For many years I have been a member of an organisation, Fair Vote Canada, that has been dedicated to ending the problem of wasted votes in Canadian elections by advocating for Proportional Representation.
It finds itself at an unfortunate crossroads however as internal divisions have forced a referendum on whether it should give up on advocating for proportional representation in municipalities without parties and instead support another system called AV or IRV. This is happening because of some overlap in the membership of Fair Vote Canada with a local campaign (called Rabit- Ranked Ballot Initiative of Toronto) pushing for the AV system at Toronto City Council.
Simply put this would be a complete and total disaster. AV for a representative body strikes directly against the core principles of Fair Vote Canada and comprises a serious challenge to the cause of Proportional Representation in Canada as a whole.
The logic of the referendum seems to be built on the idea that proportionality is only about parties as that is the distinction being drawn in the referendum question. This idea is completely wrong. Proportionality has never been about parties. It's about the simple idea that if voters vote for something in an election for council or parliament then they should have earned representation in that council or parliament. That's the principle of Fair Representation that Fair Vote Canada is built on whether parties exist or not.
And that's the principle that's violated by both the current FPTP system and Rabit's proposed AV.
After all both FPTP and AV as systems are perfectly fine with some candidate getting elected to council or parliament with 50%+1 of the vote while the rest of the electorate is treated as completely irrelevant , unimportant, and not worthy of representation. It's *those* unrepresented and wasted votes that Fair Vote Canada was built to champion and advocate for and supporting AV for election to any sort of legislative body would be a complete abdication of that responsibility and cause.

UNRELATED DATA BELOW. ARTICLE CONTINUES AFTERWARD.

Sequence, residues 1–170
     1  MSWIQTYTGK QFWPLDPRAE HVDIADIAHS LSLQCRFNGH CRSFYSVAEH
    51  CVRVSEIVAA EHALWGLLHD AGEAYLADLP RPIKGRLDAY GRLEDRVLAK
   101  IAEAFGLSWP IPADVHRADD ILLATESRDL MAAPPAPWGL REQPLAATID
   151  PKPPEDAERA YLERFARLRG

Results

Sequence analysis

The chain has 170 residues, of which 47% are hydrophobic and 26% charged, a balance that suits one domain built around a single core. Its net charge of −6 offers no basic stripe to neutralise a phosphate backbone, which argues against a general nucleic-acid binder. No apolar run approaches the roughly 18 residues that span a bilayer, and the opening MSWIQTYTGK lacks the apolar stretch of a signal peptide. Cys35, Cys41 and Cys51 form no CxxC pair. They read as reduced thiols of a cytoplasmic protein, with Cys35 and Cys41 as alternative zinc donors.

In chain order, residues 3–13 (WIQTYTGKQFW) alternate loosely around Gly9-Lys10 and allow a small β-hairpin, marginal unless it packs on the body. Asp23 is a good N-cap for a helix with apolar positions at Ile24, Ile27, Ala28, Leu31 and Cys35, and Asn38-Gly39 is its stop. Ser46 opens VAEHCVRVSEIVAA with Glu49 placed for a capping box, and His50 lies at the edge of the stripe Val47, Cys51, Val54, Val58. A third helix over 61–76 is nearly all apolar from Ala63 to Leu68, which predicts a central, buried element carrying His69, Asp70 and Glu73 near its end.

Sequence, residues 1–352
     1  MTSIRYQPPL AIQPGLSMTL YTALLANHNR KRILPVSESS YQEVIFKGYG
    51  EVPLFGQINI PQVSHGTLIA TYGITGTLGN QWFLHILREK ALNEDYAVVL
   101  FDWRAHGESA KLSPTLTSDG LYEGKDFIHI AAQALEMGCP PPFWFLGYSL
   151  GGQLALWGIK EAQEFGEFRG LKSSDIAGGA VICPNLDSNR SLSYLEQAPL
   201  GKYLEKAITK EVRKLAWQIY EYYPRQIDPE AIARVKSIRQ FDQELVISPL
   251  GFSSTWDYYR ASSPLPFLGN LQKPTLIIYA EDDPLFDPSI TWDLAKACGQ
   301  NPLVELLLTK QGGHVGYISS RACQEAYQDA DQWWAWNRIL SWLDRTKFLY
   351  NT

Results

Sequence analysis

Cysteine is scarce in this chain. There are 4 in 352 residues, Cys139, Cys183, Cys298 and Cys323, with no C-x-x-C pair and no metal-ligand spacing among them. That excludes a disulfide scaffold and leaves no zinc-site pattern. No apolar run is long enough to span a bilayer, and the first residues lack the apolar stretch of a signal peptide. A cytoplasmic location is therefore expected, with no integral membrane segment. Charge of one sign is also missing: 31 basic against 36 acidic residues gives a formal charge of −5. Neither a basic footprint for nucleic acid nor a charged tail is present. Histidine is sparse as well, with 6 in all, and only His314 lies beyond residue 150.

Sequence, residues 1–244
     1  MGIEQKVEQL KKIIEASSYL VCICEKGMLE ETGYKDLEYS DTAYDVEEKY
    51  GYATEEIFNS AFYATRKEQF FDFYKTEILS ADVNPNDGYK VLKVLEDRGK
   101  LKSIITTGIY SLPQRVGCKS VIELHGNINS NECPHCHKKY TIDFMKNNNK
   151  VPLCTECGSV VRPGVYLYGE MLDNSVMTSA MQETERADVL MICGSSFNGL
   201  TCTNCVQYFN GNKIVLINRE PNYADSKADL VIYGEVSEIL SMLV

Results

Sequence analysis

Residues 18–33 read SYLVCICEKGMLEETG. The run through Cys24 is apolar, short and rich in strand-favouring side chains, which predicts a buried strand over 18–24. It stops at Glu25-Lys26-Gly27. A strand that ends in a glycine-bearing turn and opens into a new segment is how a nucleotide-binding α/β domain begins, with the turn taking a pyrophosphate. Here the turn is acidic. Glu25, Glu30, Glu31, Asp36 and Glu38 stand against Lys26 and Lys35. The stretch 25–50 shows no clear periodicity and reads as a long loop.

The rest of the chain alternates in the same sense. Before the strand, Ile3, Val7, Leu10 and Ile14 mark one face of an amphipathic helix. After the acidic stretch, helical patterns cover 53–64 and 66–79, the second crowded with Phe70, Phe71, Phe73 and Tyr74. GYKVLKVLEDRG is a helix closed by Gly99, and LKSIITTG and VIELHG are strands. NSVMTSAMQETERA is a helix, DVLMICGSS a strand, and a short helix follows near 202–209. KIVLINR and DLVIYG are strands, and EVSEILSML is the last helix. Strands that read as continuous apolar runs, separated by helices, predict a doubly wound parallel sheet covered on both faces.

Further the claim by some that the AV option would only affect municipalities without parties is either incredibly naïve of disingenuous. Any adoption of AV to the sixth largest government in the nation (Toronto City Council) will obviously have repercussions to how favourably AV would be viewed in every other legislative body in the country. After all if AV works for a city of 2 million why wouldn't it work for all the smaller cities of Canada and the many provinces that are smaller? If AV can be adopted by these why not all provinces or even the federal government?
This is especially concerning as each and every one of the arguments made by Rabit for the adoption of AV at City Council can be applied word for word to any provincial or federal parliament and worse the Rabit campaign's attack on PR can be as well.
After all, going by Rabit's own words why would we ever choose a PR system that creates electoral districts that are too large, reduces choice and diversity of candidates, and makes it impossible for a candidate to run an independent campaign? These are all incredibly damaging and baseless claims on Proportional Representation that are made on Rabit's own website (http://www.123toronto.ca/questions_answers.htm retrieved 30th of December 2012) and they can be applied for *any* level of government.
How can Fair Vote advocate for PR if, let alone respond to such attacks, it explicitly or implicitly give them its blessing?
I appeal to all members of Fair Vote Canada to affirm their support for Proportional Representation for all levels of Canadian government, parties or no parties, by choosing Option A.